Policy Based IPSec VPN Junos

Policy Based IPSec VPN Junos

Hello! I’m going to dedicate this post to talk about Policy Based IPSec VPN in Juniper Networks device. For the purpose of setting up IPSec VPN, I’ve prepared a lab in GNS3 using three vSRX machines, one Cisco 2691 router and three Cirros machines. However, for now, I’ll be using only two vSRX devices for policy based VPN because I plan to use other one for configuring Route based VPN. Here’s how my lab topology looked like:

GNS3 Lab Topology-IPSec VPN
GNS3 Lab Topology-IPSec VPN
Lab Overview

For this particular post, let’s just look at the vSRX named as KTM on the left, Cisco router named as ISP in middle and vSRX named as PKR on the top right. Here, I’m going to setup policy based IPSec VPN between the sites KTM and PKR. For my lab topology, I’m using KTM as a head-office site, and PKR and BRT as the branches. Since I need to allow access between  local area network of one site and that of other site, I’m using IPSec VPN between these two sites. Now, let’s get started with the configuration:

 Basic Configuration

Assuming that I’ve got fresh installation of vSRX devices, let’s start this setup from the beginning itself i.e. definition of root authentication, system hostname, interfaces and security zones. In real scenario, you might also want to configure DNS, DHCP, NAT, and so on.

root# set system root-authentication plain-password
root# set system host-name KTM
root# commit 

Here, KTM vSRX has two interfaces: ge-0/0/0 connecting to ISP router and ge-0/0/1 connecting LAN.

 
root@KTM# set interfaces ge-0/0/0 unit 0 family inet address 1.1.1.2/30
root@KTM# set interfaces ge-0/0/1 unit 0 family inet address 172.16.1.1/24 

Junos, by default comes with two security zones named trust and untrust, and their corresponding interfaces assignment. I usually like to delete the default config and set my own custom configuration. I’m defining a security zone called DC-Net containing LAN and interface ge-0/0/1. All system services will be allowed from this zone to the device.

root@KTM# delete security zones security-zone trust interfaces ge-0/0/0.0
root@KTM# set security zones security-zone DC-Net interfaces ge-0/0/1
root@KTM# set security zones security-zone DC-Net host-inbound-traffic system-services all

Similary, I’m creating another security zone named as Public-Net containing interface ge-0/0/0, which is facing the ISP. Only Ping and IKE traffic will be allowed from this zone to the device.

root@KTM# set security zones security-zone Public-Net host-inbound-traffic system-services ike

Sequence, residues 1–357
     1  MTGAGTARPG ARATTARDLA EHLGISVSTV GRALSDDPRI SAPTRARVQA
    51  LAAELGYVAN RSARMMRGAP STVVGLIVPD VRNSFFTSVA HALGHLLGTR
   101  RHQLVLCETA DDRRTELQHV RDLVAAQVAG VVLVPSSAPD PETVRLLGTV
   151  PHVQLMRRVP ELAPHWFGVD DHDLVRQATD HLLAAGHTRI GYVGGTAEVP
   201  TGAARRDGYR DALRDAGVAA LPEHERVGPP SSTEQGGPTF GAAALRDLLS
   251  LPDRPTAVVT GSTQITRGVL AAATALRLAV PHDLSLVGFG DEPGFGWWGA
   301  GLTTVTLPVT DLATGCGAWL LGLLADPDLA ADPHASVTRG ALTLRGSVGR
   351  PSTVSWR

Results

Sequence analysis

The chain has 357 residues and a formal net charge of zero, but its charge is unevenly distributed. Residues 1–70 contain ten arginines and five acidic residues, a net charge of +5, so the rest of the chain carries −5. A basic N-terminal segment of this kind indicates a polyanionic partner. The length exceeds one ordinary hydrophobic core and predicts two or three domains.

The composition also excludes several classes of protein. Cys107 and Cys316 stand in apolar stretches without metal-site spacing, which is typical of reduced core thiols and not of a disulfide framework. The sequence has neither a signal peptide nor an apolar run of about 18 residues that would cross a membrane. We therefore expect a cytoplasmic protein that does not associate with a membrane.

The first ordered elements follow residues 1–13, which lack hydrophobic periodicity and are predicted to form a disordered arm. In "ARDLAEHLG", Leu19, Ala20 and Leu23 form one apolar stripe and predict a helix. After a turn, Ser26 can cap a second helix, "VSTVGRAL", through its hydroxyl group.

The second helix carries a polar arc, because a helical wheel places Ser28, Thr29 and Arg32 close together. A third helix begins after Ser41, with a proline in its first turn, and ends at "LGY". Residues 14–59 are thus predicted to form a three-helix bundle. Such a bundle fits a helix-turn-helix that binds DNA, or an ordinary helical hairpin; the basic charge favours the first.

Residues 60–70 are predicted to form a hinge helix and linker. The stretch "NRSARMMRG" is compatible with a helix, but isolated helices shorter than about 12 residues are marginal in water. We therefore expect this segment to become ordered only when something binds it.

root@KTM# set security zones security-zone Public-Net host-inbound-traffic system-services ping
root@KTM# set security zones security-zone Public-Net interfaces ge-0/0/0

I also define the address books for the networks and hosts in the zones I created. This helps in easier identification, categorization and use of networks and hosts during the configuration process. It also makes things extremely quick and effective when we need to make modifications in addresses or associated configurations.

root@KTM# set security zones security-zone DC-Net address-book address DC-Network 172.16.1.0/24
root@KTM# set security zones security-zone DC-Net address-book address DC-Server-1 172.16.1.2/32
root@KTM# set security zones security-zone DC-Net address-book address-set DC-Servers address DC-Server-1
root@KTM# set security zones security-zone Public-Net address-book address PKR-Network 172.16.2.0/24
root@KTM# set security zones security-zone Public-Net address-book address PKR-Server-1 172.16.2.2/32

Before completing our basic configuration, let’s also add a default route using next hop address as the ISP router’s IP address.

root@KTM# set routing-options static route 0.0.0.0/0 next-hop 1.1.1.1
IPSec Phase I Configuration

Now, begins the section where we actually configure our IPSec VPN. IPSec contains two phases: Phase 1 – IKE Association and Phase 2 – IPSec VPN. So, let’s first setup our IKE configuration. Defining the IKE proposal is the next thing we need to do. This proposal creation process can be skipped if we would like to use the available proposal sets (basic, compatible or standard).

root@KTM# edit security ike
root@KTM# set proposal KTM-PKR-IKE-Phase1-Proposal authentication-method pre-shared-keys
root@KTM# set proposal KTM-PKR-IKE-Phase1-Proposal dh-group group2
root@KTM# set proposal KTM-PKR-IKE-Phase1-Proposal authentication-algorithm sha1
root@KTM# set proposal KTM-PKR-IKE-Phase1-Proposal encryption-algorithm aes-128-cbc

Then, we need to configure the IKE phase 1 policy. Here, we mainly choose the mode, proposal and pre-shared key for the VPN. For now, I’m using main mode as I’ve got static IP addresses at both of my peers. However, we would need to set aggressive mode if we’ve dynamic IP address at one of the peers and then, the peer with dynamic IP should be the one to begin the IKE negotiation. We then call the proposal we defined above and set the pre-shared key for authentication between the peers.

root@KTM# set policy KTM-PKR-IKE-Phase1-Policy mode main
root@KTM# set policy KTM-PKR-IKE-Phase1-Policy proposals KTM-PKR-IKE-Phase1-Proposal
root@KTM# set policy KTM-PKR-IKE-Phase1-Policy pre-shared-key ascii-text Secret@123

The last step in Phase I is to configure IKE gateway. Here, we call the policy we created above, set the peer’s IP address and external interface participating in VPN.

root@KTM# set gateway GW-PKR ike-policy KTM-PKR-IKE-Phase1-Policy
root@KTM# set gateway GW-PKR address 2.2.2.2
root@KTM# set gateway GW-PKR external-interface ge-0/0/0
IPSec Phase II Configuration

Now that we’ve got our IPSec Phase I configuration completed, we can proceed to the Phase II of the VPN. Basically, our Phase I will create a tunnel between the two participating peers and Phase II will control the traffic flowing through this tunnel. In phase II, we define proposal, policy and VPN to complete our IPSec setup.

root@KTM# top edit security ipsec
root@KTM# set proposal KTM-PKR-IPSec-Phase2-Proposal protocol esp
root@KTM# set proposal KTM-PKR-IPSec-Phase2-Proposal authentication-algorithm hmac-sha1-96
root@KTM# set proposal KTM-PKR-IPSec-Phase2-Proposal encryption-algorithm aes-128-cbc

Then, let’s define the IPSec phase II policy with the appropriate PFS option and proposal.